Extending the role of secretaries in M&BD
Several themes emerged as to how secretaries could extend their role and make a bigger contribution to M&BD success. For example:
- Objectives – The importance of having clear goals – and looking at how these integrated with those in other teams and offices – was now clearer. Simple questions would be asked to learn what the expected outcomes might be for M&BD activities such as webinars, roundtables and email campaigns.
- Structured approach – Some felt that their new appreciation of the entire buying and selling process (and how marketing, selling and relationship management integrated) meant that they were in a better position to suggest a more structured approach to M&BD.
- Marketing mix – Encouraging partners to look beyond the communications and promotional aspects to consider market, competition, alternatives, client perspectives, new service opportunities, pricing and internal communication.
- Research – There was clearly a major role for secretaries, PAs, LPAs and EAs to support fee-earner and marketing/BD teams with research using both the firm’s internal systems and external resources. Social media was seen as a useful tool for learning about clients and their backgrounds. Advance research could prompt existing client calls and support individual one-to-one contact sessions as well as for group events such as webinars.
- Social media support – Secretaries can help maintain up-to-date web biographies and social media profiles such as LinkedIn for partners. Often, they also play a major role in identifying which posts could be shared and in facilitating that – sometimes for multiple partner accounts.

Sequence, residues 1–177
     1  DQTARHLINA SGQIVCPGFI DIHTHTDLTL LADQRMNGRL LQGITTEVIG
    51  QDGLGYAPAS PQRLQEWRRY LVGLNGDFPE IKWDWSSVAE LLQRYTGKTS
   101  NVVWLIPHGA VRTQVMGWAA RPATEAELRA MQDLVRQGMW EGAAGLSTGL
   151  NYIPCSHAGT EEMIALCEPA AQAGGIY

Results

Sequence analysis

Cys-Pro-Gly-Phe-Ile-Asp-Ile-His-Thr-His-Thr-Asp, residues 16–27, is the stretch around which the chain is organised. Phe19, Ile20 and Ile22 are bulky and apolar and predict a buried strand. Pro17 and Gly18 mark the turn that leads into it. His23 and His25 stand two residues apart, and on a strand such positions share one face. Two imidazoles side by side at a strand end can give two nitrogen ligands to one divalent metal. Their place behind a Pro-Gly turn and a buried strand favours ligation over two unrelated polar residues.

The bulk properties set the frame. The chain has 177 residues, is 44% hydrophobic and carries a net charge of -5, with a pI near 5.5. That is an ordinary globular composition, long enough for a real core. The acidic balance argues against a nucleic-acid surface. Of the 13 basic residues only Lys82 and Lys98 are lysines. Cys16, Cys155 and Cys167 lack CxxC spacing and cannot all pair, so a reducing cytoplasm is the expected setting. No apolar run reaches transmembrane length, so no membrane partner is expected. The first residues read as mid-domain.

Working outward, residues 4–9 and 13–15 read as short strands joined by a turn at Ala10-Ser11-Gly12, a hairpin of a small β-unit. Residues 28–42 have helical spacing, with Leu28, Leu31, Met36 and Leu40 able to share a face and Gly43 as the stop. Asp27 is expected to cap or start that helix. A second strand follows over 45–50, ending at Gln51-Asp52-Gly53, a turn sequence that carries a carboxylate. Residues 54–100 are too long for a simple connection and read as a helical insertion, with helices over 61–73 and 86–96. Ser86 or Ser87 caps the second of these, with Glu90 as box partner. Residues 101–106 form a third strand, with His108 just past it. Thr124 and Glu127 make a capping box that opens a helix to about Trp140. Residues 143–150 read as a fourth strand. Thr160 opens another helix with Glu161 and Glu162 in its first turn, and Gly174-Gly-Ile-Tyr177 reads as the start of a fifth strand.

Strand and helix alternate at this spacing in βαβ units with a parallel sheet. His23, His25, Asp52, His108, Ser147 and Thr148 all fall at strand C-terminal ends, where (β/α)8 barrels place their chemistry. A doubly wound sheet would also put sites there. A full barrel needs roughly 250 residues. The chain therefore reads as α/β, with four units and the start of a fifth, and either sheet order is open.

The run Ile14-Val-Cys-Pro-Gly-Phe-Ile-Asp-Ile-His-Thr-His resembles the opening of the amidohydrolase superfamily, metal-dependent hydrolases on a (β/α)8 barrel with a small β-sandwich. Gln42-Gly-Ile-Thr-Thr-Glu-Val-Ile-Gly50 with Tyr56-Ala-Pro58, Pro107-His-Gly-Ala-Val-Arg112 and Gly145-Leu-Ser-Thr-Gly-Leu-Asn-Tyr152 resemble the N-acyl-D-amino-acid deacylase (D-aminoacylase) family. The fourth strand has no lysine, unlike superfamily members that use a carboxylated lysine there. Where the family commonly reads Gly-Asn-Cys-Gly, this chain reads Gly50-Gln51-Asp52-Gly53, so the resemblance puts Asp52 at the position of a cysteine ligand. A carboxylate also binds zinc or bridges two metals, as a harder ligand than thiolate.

- Data integrity – Secretaries were in an ideal position to ensure that the latest information on clients and contacts were added to the relevant systems (and compliant with GDPR requirements). They were also in a great position to check the accuracy of existing information and to add up-to-date notes about recent interactions and work. This would also improve the information and experience for clients.
- Pitch documents and presentations – Most of those at the session were already involved in preparing pitch documents and presentations. They are skilled at using the relevant templates and interrogating systems to obtain the required information. This saves time for fee-earners so that they can concentrate more on the specific needs of the client.
- Cultivation of existing clients – As fee-earners can be busy managing day-to-day work, secretaries could help with prioritising and diarising catch up calls so that the relationship was maintained with regular contact. They can also monitor what thought leadership and other content was available and help fee-earners share this with relevant clients and contacts.
- Follow up – Take time to sit with partners and review their activities so that contacts made amongst delegates at online events could be logged into central databases and follow up action prompted and supported.
- Thanking referrers – Where work was referred by third parties – within and beyond the firm – secretaries can perform a really useful role in ensuring that these people were thanked for their referrals and recommendations. Secretaries could also watch out for opportunities for reciprocal referrals as well – to strengthen referrer relationships.
These ideas were particularly useful to the senior secretaries present – some who managed teams of over 20 secretaries – and were responsible for setting out competencies and performance measures for secretarial involvement and contribution to marketing and business development within their firms.
Other articles relating to marketing and business development insights from secretaries and PAs/EAs
Developing the roles of marketing and BD secretaries, PAs and EAs | Kim Tasso November 2019
Effective marketing PA/Secretary – seven reasons | Kim Tasso October 2017
Marketing secretary and BD assistant | Kim Tasso November 2017
Secretaries on marketing and business development | Kim Tasso November 2015
There is a series of Kim Tasso’s short (10 minutes) videos introducing a variety of key marketing and business development concepts on YouTube.